SOLSC, March 31, 2017

Slice of Life Story Challenge 2017.

It has really been a challenge for me to write every day.  Finding the time is challenge enough but then add on what to write about, how much to write, how much of my soul to bear, how much of my life others might find interesting and it it truly a story challenge.

My husband has been reading a book that a friend recommended.  It is one man’s struggle to find meaning and purpose in life.  His philosophy in the beginning of the book is to write his own story.  Instead of letting life happen to him, he made it a goal to write his own story.  He traveled far and wide and sought out experiences that make my stories look mundane and provincial.  We have been talking about how we write our story each day.  We are trying to be more purposeful in our choices and are seeking out new things instead of continuing in the same old easy patterns.  But even being more thoughtful about writing a story instead of just letting it happen around you hasn’t made my own stories any more exciting or engaging.

We spent a night with some friends in Aspen this week.  They are both about 15 years older than us.  They had other house guests at the same time; a couple they had known when they had their first jobs out of college many years ago.  We sat through a long laughter filled dinner listening to their stories.  They drove old junker cars across the country, set up new homes in tiny towns where they fought off mosquito killing chemicals, worked with underprivileged folks to find them jobs, read to the blind, sat on community boards that supported health care for those who can’t afford it all the while earning Master’s degrees and PHDs in everything from psychology to public policy.  They told stories of meeting senators, presidents, movie stars, and famous Westerners.  My husband and I did a lot of listening.  We both felt as though we had few if any stories of such caliber to share.

Last night we invited my teacher partner, her husband, and kids over for dinner.  We played a rousing game of Dogopoly with the 7 and 9 year old.  We laughed and joked while we moved the Flea and the Mailman and the Fire Hydrant around the board.  We traded dog breeds to move the game along and roared when S went to the Kennel for the 4th time in the game.  We called it quits at 9pm as it was way past bedtime for the little ones.  Before sending them home, we sat in the hot tub collecting snow on our heads as the kids tried to figure out how to design a light bulb that shed light in all directions but was still attached to a post of some sort.  They were thinking and creating and designing and sharing.  I could not have been in a happier place.  While we didn’t share stories, we shared an evening together and maybe created a few stories of our own.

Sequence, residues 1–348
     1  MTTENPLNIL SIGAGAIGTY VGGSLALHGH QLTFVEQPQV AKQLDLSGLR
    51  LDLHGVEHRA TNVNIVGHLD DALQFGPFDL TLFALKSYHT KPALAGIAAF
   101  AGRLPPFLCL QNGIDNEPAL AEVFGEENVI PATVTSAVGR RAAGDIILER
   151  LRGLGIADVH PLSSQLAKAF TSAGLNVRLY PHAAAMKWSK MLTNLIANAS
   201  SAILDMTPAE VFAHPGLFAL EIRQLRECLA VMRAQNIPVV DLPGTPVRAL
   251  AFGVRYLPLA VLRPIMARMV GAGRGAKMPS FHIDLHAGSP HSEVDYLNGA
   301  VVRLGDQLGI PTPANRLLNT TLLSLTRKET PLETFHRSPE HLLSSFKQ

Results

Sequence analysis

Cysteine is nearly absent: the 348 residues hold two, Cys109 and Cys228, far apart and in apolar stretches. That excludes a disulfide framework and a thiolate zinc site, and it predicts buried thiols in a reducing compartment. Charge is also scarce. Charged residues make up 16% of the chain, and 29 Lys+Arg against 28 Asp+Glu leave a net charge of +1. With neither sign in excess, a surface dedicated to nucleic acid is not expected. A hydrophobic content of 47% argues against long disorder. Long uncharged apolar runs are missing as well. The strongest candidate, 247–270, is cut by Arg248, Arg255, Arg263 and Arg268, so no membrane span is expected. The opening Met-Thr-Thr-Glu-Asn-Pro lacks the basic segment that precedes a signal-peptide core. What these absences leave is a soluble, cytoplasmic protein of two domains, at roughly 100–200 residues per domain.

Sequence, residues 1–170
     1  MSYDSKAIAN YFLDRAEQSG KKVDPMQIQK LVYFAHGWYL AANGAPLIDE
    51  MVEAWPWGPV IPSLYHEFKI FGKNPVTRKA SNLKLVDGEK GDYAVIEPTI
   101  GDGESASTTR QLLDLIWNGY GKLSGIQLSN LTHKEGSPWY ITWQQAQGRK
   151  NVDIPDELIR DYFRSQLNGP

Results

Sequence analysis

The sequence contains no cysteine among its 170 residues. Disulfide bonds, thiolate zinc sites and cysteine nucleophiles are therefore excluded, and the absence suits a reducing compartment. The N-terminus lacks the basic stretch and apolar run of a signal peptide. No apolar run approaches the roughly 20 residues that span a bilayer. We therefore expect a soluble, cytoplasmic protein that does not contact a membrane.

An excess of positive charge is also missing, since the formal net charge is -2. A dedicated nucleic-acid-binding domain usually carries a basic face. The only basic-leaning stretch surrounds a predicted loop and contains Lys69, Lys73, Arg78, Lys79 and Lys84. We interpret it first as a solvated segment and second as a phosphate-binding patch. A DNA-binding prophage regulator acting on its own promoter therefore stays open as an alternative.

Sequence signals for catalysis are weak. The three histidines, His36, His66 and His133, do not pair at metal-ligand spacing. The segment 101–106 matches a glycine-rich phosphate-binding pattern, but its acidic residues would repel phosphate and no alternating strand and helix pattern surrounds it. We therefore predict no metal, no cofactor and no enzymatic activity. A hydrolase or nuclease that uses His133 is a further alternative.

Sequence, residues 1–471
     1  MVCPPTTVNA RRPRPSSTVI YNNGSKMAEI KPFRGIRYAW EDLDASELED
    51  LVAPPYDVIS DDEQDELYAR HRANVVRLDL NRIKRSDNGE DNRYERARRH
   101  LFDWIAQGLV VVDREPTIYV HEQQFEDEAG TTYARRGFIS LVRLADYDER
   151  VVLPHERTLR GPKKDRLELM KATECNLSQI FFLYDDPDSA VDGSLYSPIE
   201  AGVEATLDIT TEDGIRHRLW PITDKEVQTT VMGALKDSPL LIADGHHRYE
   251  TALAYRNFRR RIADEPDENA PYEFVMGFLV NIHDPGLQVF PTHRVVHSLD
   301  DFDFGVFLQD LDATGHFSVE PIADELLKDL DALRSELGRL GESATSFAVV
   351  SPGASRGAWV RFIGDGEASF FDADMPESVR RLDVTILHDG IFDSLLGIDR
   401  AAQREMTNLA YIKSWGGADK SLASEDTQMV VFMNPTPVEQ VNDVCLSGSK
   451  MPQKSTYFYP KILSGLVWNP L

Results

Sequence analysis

We all have different stories.  Our Aspen friends’ stories are loud and public.  I have read from fellow bloggers stories that are heart breaking and painful, hilarious and laugh outloudly, thought provoking and deep, educated and world changing.  I think mine are just smaller and quieter and more private.  They may not entertain the dinner party or impress the listener with fancy names and titles and degrees, they may never be worth publishing.  But my stories fill my heart and my days.  And they are mine.  I am so very grateful of the challenge to get them written down, if only for me.

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